If Hindi cinema is going to be remembered by any film in 2016, it will be Pink. One way or another, Pink defines the year simply by it's most important caveat.

NO means NO.

 A powerful message delivered by the film, its subject and actors baritone [Bachchan at his best].

Yet while subjectively this message delivered is necessary, objectively the film isn't that good [as it is hyped to be].

The film handles the vital issue of content with a deft hand and great understanding that the fight for equality/feminism is not just fought by women but by all sides of the equation and for all sides of the equation. It's a stirring film no doubt, however it simplifies the issues to get to a larger crowd.

In that fashion however the film while opening a channel on the conversation of consent, doesn't necessarily delve deep enough into the issue and rather confuses even for being a mainstream appealing film. More importantly the details of the film itself are so thinly sketched and the subtext to flat and obvious that in itself the message seems force fed.

Don't misunderstand me, Pink is a good film; technically sound, well acted and even written with great understanding of its subject yet the film will be immortalized by its message more than anything and that's not a bad thing but it takes away from the fact that Pink wont be remembered as a cinematic masterpiece because it's not.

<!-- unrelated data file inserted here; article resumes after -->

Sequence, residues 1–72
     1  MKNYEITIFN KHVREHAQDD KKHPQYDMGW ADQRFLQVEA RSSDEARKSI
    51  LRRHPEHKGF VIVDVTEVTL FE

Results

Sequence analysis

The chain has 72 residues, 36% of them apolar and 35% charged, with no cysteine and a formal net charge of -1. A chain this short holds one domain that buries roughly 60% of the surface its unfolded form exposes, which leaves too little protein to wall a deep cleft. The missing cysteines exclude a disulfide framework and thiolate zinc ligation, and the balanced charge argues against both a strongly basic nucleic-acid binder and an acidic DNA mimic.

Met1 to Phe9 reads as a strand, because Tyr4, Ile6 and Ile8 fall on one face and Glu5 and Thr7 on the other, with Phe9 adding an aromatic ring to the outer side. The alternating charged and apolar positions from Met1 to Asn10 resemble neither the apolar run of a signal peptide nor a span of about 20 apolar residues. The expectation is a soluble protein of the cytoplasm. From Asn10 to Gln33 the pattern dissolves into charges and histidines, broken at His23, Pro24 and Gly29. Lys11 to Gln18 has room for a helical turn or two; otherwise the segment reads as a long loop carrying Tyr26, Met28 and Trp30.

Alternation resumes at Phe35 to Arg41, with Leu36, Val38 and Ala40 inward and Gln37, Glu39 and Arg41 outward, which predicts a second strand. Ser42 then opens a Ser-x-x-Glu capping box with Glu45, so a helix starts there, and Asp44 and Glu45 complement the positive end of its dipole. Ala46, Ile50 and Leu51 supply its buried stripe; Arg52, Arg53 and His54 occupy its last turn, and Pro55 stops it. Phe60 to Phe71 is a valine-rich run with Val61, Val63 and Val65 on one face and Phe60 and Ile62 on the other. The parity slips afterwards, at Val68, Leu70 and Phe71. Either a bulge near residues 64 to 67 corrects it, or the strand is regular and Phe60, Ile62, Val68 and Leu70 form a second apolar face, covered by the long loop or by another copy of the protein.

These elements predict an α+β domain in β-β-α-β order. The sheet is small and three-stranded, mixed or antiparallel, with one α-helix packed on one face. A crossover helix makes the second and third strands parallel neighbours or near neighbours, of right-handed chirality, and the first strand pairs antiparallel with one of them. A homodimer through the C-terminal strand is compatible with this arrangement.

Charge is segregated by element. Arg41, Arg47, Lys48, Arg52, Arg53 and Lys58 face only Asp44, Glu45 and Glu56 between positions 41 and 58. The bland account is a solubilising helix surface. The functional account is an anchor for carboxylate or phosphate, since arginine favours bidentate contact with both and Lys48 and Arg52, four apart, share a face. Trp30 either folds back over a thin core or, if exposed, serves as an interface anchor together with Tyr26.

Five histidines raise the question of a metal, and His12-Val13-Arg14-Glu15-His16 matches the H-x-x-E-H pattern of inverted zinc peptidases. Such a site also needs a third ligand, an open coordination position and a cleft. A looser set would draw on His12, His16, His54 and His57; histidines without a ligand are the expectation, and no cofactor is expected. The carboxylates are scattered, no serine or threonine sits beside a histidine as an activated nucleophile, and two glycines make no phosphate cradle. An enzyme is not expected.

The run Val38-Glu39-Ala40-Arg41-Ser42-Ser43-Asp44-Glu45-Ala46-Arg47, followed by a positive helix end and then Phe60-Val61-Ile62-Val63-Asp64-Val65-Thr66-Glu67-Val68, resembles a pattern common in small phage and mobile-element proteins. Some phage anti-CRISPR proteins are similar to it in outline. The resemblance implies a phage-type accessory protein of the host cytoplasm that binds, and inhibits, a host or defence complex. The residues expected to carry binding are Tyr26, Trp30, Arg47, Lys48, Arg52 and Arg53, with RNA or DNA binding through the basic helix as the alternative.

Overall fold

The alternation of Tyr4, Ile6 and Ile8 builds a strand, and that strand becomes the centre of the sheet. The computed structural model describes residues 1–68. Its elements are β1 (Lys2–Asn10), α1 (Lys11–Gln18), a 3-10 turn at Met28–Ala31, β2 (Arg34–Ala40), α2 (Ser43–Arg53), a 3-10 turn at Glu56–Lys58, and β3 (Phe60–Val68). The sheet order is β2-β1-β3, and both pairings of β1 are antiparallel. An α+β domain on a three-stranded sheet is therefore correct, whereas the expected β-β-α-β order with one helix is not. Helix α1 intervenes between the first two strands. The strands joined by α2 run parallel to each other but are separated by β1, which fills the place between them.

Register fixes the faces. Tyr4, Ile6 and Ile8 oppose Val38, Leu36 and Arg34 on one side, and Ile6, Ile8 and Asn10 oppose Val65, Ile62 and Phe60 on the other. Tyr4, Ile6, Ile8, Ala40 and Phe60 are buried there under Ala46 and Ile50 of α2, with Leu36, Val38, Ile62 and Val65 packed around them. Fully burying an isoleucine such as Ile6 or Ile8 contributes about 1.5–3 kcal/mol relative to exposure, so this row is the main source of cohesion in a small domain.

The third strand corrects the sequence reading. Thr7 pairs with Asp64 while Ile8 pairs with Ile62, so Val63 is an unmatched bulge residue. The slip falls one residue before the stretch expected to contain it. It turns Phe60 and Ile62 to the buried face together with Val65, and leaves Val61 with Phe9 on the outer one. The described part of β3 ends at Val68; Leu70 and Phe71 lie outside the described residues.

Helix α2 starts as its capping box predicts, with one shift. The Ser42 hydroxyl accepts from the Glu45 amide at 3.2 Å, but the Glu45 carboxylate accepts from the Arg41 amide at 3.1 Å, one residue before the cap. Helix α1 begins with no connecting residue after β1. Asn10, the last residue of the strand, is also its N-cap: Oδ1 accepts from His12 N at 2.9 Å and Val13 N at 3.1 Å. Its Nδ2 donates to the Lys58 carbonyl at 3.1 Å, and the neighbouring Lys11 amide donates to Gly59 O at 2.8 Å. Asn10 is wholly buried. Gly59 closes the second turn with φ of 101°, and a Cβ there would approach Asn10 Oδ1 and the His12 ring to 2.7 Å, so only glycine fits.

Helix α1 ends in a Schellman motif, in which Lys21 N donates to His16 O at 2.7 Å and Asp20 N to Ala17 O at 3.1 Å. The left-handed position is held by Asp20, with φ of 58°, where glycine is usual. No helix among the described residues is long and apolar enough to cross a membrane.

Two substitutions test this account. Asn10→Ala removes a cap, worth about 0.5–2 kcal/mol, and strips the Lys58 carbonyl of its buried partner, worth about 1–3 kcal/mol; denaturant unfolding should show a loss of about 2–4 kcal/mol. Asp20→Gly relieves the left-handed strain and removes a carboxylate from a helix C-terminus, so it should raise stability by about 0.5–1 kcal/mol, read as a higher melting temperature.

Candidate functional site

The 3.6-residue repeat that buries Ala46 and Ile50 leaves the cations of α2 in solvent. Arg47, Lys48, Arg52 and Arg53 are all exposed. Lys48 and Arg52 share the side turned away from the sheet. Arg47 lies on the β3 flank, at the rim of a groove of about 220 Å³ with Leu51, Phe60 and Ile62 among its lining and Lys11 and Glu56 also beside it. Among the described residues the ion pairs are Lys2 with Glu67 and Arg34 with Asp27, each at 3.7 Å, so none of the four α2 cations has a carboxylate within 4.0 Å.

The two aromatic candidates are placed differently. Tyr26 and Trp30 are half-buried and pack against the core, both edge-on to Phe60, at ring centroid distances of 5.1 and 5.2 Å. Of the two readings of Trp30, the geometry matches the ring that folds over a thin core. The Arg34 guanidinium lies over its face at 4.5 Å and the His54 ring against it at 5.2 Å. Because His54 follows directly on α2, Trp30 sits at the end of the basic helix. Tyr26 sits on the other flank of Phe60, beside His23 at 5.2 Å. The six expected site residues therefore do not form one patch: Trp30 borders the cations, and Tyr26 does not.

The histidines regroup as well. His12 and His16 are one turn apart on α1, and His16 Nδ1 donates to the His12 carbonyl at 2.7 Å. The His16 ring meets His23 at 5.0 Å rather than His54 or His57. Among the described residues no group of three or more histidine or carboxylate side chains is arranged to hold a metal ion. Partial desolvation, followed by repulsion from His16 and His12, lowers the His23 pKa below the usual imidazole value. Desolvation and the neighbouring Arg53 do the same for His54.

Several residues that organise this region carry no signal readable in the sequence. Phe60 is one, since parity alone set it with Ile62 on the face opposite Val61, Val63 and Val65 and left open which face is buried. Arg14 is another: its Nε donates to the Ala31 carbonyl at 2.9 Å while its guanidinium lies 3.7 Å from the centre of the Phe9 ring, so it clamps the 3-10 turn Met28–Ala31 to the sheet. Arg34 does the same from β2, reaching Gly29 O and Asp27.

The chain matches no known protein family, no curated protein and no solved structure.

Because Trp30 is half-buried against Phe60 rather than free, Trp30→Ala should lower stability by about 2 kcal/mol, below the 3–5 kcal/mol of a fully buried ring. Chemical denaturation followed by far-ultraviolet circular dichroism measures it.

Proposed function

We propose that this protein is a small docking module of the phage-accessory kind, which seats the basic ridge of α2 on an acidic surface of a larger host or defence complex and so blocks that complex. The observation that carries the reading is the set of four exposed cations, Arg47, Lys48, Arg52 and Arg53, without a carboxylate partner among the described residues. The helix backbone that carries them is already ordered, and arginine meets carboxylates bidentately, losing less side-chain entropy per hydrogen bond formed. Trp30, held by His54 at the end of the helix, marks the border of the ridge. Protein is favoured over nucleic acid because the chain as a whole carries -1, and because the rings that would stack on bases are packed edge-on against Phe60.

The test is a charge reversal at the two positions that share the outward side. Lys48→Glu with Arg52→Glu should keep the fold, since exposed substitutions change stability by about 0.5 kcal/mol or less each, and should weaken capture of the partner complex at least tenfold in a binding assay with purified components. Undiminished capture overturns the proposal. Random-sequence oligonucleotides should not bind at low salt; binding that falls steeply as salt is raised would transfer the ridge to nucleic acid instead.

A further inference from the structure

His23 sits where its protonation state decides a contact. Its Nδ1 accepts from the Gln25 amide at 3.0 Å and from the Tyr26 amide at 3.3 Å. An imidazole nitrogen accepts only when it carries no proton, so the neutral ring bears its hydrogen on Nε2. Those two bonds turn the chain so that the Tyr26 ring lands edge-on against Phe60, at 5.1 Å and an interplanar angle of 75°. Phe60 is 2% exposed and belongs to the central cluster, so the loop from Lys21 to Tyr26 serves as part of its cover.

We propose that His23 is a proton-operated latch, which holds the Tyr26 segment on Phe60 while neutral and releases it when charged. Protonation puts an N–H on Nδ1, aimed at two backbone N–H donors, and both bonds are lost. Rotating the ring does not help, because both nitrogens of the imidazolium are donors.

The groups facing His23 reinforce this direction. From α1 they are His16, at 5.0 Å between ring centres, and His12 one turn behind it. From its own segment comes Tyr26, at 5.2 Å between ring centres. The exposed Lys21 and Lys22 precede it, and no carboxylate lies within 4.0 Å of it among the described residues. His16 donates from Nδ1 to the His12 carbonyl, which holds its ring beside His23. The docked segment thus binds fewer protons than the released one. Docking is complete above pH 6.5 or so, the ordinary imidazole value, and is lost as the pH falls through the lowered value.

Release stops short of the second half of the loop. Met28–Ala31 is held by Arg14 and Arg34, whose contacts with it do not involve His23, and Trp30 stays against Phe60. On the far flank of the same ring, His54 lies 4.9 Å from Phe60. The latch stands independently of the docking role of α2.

Bust Studio System and Box Office Woes

Moving on the year saw some big time studios, ones that had begun to crop up at the tail end of the past decade, tumble and completely quit the Hindi movie business. These studios might have perpetrated the game of bringing content cinema to the forefront, but the had done so on the back of makers who knew what they were making, selling it at higher prices with less profit for studios and more importantly were tempting studios with their own selfish needs to have films associated with unfairly highly paid stars.

I wont pretend to much about the semantics of what went down, but at the end of the day; what the very flawed studio model proved is this despite film family led businesses surviving on classic content; it is that eventually content and script is king, stars will eventually fade.

Rabid Nationalism

Another thing that seemed to have swept over the nation is well; this dire need to be nationalist in every other sense.

The unfair vitriol and violence spread against those who don't take their so called patriotism seriously showed an ugly side of India especially to the soft target of the film industry. From forcing people to stand up for the national anthem in a democracy [where after the anthem all we would do is watch a silly little movie] to having Karan Johar apologize for decision which neither should have to effect nor insult any country to country emotions or call to question ones love for ones country.

This pseudo nationalistic attitude spreads to a faux cultural superiority presented by the outdate censorship board. At the forefront is the ignorant and wholly biased chief Pahlaj Nihalani, who seemingly took it upon himself to infuse "culture" into Hindi cinema; via cutting kissing scenes and completely trying to sabotage film that presented an ugly mirror to society itself and try improve it. On the other hand his hypocrisy reached new levels, when he allowed Befikre's multiple kisses to pass through on the basis that the film takes place on international shores [Like what?!!!]